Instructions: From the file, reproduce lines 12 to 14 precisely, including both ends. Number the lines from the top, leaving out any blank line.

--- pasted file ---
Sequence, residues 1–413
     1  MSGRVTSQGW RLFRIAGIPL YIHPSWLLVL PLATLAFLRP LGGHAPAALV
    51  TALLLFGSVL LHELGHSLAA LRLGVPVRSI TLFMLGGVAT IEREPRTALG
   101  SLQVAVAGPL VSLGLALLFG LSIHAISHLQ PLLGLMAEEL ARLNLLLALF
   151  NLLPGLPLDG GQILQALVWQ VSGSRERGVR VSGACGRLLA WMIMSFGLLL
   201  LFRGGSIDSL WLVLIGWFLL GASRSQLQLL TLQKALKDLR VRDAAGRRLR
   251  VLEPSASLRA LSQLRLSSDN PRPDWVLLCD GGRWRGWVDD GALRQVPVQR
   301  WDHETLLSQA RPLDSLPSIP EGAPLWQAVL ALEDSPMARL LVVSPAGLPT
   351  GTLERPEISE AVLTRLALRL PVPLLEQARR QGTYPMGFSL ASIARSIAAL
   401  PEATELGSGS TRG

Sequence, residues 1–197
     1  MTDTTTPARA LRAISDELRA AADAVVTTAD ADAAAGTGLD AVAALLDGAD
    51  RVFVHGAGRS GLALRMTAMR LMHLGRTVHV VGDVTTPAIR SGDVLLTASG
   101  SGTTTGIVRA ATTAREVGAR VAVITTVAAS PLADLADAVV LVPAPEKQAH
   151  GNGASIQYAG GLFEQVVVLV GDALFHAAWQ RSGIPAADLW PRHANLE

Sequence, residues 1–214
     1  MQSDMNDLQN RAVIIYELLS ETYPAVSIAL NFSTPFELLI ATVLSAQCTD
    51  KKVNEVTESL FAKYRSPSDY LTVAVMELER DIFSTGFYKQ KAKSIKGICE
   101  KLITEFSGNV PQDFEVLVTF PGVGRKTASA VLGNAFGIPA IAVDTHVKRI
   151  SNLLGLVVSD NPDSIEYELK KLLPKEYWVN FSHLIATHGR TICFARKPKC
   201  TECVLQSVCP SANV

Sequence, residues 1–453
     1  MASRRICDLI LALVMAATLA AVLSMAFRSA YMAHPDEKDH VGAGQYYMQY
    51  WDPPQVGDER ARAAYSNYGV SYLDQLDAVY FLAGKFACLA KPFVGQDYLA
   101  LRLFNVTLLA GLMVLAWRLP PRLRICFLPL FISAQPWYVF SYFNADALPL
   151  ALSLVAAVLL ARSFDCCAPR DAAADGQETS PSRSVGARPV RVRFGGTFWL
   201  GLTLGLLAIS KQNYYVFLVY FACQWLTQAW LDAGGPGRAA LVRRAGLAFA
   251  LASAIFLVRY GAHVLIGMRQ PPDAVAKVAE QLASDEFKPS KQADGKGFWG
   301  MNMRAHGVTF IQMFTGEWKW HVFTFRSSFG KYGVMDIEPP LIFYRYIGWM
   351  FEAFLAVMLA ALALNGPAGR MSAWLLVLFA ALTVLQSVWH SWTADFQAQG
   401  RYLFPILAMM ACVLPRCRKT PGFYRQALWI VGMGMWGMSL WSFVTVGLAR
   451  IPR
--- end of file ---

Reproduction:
     1  MTDTTTPARA LRAISDELRA AADAVVTTAD ADAAAGTGLD AVAALLDGAD
    51  RVFVHGAGRS GLALRMTAMR LMHLGRTVHV VGDVTTPAIR SGDVLLTASG
   101  SGTTTGIVRA ATTAREVGAR VAVITTVAAS PLADLADAVV LVPAPEKQAH